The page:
movie. The film proceeds to highlight that very persona while offering more absurd versions of
everyone else, in the process sending up everything from the old James Franco gay rumors to
Michael Cera's nice-guy image.
* Rogen hasn't had the box-office success in recent years that he had in the middle of the last
decade, and he has one particularly notorious failure, 2011's The Green Hornet, which he wrote
and starred in. But in that time he's done some really strong work in dramedies - Funny People,
Take This Waltz, 50/50 - in addition to an impressively committed, astonishingly dark
performance in Jody Hill's black comedy Observe and Report. He remains a severely
underappreciated actor, and I hope This is the End bumps up his stock a bit.
Most of the action takes place at Franco's newly refurbished mansion, where he's hosting a
house party for all of his celebrity friends. Rogen drags along his best friend Jay (Baruchel),
who's in town from Canada for a few days but doesn't much feel like going to a party. Largely
because of ongoing tension with Jonah Hill, who overcompensates for his irrational hatred of Jay
by being unreasonably nice to him.
Franco himself is a parody of his public persona, an art-obsessed renaissance man and stoner who fosters a barely concealed man-crush on Rogen and
seemingly deep-seated resentment of Danny McBride*, who he refuses to invite to his party but
who shows up anyway. Cera, meanwhile, is a coked-out, would-be ladies' man who gets on
everyone's nerves. And finally there's Craig Robinson, the life of the party and alpha male, who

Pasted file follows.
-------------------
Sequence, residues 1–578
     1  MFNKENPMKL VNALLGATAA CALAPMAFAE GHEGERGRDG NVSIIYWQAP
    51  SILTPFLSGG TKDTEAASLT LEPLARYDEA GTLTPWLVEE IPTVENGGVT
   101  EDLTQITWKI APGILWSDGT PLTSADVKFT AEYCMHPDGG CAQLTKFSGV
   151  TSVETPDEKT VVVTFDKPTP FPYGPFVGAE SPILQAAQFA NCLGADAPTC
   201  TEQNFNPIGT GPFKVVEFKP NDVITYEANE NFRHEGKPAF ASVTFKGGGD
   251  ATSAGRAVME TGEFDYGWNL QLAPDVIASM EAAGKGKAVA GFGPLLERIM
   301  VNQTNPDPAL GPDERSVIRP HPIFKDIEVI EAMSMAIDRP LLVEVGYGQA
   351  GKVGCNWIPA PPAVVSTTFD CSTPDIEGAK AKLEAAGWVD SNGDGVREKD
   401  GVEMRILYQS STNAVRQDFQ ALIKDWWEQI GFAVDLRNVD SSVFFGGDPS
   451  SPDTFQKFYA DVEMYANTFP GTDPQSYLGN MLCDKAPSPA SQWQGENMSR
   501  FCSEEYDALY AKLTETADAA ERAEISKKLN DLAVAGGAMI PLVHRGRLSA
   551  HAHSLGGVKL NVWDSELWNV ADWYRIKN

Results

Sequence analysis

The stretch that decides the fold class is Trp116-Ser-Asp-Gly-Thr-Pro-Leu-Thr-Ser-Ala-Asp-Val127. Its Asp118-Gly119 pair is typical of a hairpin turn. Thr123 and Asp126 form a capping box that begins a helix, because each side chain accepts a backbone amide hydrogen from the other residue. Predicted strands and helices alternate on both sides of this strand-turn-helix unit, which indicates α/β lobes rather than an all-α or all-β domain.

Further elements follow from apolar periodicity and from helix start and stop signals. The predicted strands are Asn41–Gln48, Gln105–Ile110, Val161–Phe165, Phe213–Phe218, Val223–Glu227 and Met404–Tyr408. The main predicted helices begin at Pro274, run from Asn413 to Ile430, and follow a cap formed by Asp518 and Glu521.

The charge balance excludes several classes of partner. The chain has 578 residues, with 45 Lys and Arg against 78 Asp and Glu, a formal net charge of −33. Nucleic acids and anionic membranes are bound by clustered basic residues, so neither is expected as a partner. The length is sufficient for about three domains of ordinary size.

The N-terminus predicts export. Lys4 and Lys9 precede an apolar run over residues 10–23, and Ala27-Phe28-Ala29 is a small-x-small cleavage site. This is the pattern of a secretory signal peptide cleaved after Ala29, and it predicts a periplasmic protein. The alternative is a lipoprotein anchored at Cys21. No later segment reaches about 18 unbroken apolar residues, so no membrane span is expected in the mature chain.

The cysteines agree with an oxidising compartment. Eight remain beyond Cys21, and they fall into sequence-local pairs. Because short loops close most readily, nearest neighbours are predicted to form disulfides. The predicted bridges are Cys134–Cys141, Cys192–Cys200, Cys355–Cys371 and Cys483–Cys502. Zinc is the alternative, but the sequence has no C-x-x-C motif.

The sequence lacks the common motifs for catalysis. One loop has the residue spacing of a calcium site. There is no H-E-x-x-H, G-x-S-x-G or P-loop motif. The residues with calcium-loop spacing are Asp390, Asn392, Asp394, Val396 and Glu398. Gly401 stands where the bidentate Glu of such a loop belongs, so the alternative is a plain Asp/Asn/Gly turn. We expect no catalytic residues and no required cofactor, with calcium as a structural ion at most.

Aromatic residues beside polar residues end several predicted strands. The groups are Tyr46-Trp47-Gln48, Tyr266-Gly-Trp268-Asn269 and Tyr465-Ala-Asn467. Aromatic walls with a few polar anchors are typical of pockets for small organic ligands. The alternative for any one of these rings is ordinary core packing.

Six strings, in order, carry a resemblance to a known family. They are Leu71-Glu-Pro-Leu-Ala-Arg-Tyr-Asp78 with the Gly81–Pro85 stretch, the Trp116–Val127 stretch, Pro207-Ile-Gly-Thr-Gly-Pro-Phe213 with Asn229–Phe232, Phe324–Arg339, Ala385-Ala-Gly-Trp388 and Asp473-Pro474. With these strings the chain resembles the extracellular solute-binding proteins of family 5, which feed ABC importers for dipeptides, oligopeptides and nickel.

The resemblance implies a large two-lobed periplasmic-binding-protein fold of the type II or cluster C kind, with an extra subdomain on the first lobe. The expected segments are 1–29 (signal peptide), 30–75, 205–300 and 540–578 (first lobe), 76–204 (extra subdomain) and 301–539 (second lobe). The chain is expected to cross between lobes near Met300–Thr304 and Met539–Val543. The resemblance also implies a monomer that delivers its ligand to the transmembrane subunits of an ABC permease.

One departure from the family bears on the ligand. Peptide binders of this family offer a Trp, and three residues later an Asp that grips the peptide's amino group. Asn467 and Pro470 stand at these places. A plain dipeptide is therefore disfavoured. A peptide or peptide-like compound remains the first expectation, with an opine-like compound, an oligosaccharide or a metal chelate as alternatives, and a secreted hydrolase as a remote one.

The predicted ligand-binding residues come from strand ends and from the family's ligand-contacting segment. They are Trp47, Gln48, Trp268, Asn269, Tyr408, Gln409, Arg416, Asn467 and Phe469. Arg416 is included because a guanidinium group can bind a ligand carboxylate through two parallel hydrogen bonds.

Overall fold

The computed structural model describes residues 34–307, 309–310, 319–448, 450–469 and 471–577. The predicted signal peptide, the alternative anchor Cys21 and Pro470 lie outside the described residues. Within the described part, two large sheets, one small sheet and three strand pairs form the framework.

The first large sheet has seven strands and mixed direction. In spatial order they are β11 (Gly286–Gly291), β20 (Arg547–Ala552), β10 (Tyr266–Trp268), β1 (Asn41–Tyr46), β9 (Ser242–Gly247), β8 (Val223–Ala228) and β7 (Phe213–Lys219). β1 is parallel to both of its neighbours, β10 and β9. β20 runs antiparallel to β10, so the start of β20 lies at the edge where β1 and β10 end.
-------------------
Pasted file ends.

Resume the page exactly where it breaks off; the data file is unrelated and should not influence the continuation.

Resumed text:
turns into quite the sensitive soul once the Rapture suddenly brings the house party to a
* It must be noted that McBride has not one, but TWO of the best entrances in any movie this
At first there's only panic, as those remaining at Chez Franco board up the windows and doors
with anything they can find, and quickly make an inventory of their remaining resources. From
there, the film shifts into a casual hang-out mode, as Rogen, Franco and Co. pass the time getting
high, napping, and - of course - filming a homemade sequel to Pineapple Express.
The filmmakers do a really nice job letting the story continually unwind and shift gears; it never
gets stuck doing one thing. The character dynamics are constantly changing, but only in ways
that reflect the ridiculous characterizations of each character. Plot developments range from the
forced entry of an axe-wielding Emma Watson, to the in-house decapitation of a next-door
neighbor (and the subsequent kicking-around of his head), to petty arguments about where a
certain bodily fluid does or does not belong, to demonic possession, rescue missions and
cannibalism. As first-time directors, Rogen and Goldberg aren't always smooth in their
execution, but they do let their collective imagination run wild, often into the filthiest or most
fantastical territory they can come up with.
There's obviously a certain in-joke quality to This is the End, with Rogen, Franco and all of their
showbiz buddies getting together for a self-referential celebration of themselves. But this isn't an
insular film; rather, Rogen and Co. are directly inviting us to be a part of the joke. The meta-comedy isn't where the story ends; it's all in the service of a raucous, absurdist stoner fantasy
that offers more creativity in its depiction of the apocalypse than any number of like-minded
films with 10 times the budget.